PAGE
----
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Clifford Thomas E. “Jock”

Thomas E. “Jock”  Clifford
Serial Number:
19th Infantry Regiment, 24th Infantry Division
Date of Death:
West Virginia
Riverview Cemetery Ronceverte, Greenbrier County, West Virginia
Silver Star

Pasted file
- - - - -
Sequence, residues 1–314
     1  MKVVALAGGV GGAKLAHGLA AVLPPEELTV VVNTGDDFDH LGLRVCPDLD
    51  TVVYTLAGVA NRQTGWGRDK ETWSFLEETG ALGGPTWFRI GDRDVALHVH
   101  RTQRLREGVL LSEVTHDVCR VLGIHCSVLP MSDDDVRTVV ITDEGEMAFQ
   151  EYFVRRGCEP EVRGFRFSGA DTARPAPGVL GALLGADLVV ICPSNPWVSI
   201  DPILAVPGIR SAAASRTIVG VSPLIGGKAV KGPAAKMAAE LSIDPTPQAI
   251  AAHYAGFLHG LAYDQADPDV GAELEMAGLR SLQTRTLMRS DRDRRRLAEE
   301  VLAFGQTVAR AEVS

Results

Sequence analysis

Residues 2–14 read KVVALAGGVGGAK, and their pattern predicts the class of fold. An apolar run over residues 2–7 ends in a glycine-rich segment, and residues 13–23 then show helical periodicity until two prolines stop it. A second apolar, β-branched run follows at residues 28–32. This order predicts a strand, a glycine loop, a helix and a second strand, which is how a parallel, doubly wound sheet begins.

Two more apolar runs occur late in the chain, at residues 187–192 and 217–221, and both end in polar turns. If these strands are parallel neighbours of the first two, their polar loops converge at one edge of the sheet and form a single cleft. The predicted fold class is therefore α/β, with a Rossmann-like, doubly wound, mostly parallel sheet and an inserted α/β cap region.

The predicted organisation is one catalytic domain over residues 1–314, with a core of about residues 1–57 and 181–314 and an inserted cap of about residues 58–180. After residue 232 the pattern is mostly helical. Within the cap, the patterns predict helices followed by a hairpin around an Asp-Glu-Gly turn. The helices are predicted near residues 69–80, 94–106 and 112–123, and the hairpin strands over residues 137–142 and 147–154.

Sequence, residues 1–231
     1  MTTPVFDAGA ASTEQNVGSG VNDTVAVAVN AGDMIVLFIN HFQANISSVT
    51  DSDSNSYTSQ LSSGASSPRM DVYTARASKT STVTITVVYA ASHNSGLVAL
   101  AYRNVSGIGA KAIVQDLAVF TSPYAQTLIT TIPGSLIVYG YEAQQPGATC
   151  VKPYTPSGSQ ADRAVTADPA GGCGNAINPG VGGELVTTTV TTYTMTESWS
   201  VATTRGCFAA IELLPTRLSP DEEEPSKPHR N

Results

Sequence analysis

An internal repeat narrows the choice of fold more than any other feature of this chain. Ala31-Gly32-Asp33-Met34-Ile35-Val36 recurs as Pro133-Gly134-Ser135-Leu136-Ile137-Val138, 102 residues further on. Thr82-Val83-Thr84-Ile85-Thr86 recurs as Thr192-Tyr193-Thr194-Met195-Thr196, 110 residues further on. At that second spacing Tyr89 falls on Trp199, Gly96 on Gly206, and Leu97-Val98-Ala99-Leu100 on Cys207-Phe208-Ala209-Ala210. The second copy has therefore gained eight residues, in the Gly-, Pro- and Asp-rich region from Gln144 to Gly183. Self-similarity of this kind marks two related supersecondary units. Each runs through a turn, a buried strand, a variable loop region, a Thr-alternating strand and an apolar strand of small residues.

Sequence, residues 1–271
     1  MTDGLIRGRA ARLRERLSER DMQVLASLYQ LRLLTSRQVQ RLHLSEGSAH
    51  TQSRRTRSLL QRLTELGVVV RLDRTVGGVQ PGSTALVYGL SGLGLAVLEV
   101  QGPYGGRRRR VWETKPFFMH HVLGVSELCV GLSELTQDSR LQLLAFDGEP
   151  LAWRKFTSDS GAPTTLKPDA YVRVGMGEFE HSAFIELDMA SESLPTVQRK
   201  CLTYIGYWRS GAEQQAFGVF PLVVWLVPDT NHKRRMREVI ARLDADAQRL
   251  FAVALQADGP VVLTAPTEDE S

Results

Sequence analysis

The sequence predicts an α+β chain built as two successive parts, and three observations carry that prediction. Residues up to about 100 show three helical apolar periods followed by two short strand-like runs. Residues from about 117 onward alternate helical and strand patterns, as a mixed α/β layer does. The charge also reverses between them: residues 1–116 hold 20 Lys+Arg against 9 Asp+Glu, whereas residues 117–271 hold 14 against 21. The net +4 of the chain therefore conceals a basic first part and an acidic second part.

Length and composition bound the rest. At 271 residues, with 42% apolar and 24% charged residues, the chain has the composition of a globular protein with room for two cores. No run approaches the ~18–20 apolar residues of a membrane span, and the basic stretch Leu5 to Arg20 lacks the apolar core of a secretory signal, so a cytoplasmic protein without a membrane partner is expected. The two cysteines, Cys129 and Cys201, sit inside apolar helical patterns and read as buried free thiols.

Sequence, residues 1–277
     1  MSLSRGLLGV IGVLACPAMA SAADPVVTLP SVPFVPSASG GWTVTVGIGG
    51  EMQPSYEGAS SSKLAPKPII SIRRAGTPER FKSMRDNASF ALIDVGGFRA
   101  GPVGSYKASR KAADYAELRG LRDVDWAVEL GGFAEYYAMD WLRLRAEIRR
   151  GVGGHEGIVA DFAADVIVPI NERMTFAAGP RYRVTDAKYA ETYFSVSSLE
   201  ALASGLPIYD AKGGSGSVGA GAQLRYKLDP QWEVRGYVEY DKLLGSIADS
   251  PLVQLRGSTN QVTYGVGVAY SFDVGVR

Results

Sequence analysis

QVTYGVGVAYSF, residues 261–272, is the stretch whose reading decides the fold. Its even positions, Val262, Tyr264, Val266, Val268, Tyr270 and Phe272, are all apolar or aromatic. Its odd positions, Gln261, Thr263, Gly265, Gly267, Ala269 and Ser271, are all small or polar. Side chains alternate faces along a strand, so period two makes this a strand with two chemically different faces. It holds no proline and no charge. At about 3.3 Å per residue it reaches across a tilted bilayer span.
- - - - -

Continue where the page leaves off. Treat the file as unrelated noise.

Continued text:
Born on May 1911, Clifford was commanding the 19th Infantry Regiment when he was killed while taking the city of Davao in the Philippines. From FIND A GRAVE: US Army WORLD WAR II Colonel Thomas E. Clifford, Jr. KIA Graduate US Military Academy class of 1936 Unit: 19th Infantry, 24th Division Hometown: Ceredo, West Virginia. Awards: Silver Star, Distinguished Service Cross with Oak Leaf Cluster, Legion of Merit, Bronze Star. This biography was gleaned from Thomas E. Clifford, Jr was born in Ronceverte, West Virginia, where his mother Mrs. Mary Clifford, was from. He married the former Miss Brownie Peters and had one daughter. wife and daughter lived during the war at Ceredo, West Virginia. Thomas Clifford attended Greenbrier Military Academy at Lewisburg, At West Point he starred as an athlete and gained his first national fame as an All-American football center in 1935. Graduating from West point in 1936. Sent overseas in 1939 he came under fire at Pearl Harbor. After a period of service In Hawaii, he commanded the 1st Battalion, 21st Infantry of the 24th Infantry Division in New Guinea at Hollandia in early 1944. His daring landing with his battalion at Depapre in Tanehmerah Bay without naval fire support, followed by an almost incredibly rapid drive through a mountainous jungle defile on the first day, were decisive factors in the success of the whole campaign. It was his personal courage and dynamic leadership that made possible the spectacular success which culminated in the quick seizure of the main Hollandia Airdrome. After Hollandia, Jock took leave to the US for the first time since Pearl Harbor. While on leave he learned that the date of the initial landing in the Philippines had been set forward, and that his outfit was one of the assault divisions. He acquired transportation back to New Guinea—but missed the convoy so he boarded a fast naval vessel for Leyte which was scheduled to catch up with the slower moving convoy, but his ship was torpedoed. Rescued by a Navy PBY Catalina plane, he finished the trip by air, but arrived two days after the landing—and found another officer commanding his battalion in another area. He assigned to command the 1st Battalion, 34th Infantry. The unit plunged forward with his characteristic aggressiveness as our battalions leap-frogged in a breakthrough. Pushing on through Leyte Valley by way of Jaro to Carigara, and on to Capoocan and Pinamapoan, splitting the enemy defenses, Jock's dynamic presence added greatly to the power of the spearhead—though his unit of necessity suffered heavy casualties. Promoted to full colonel and given command of the 19th Infantry in early February, 1945. On June 24th near Tamogan, Colonel Clifford was caught in heavy mortar fire and killed instantly by an exploding round.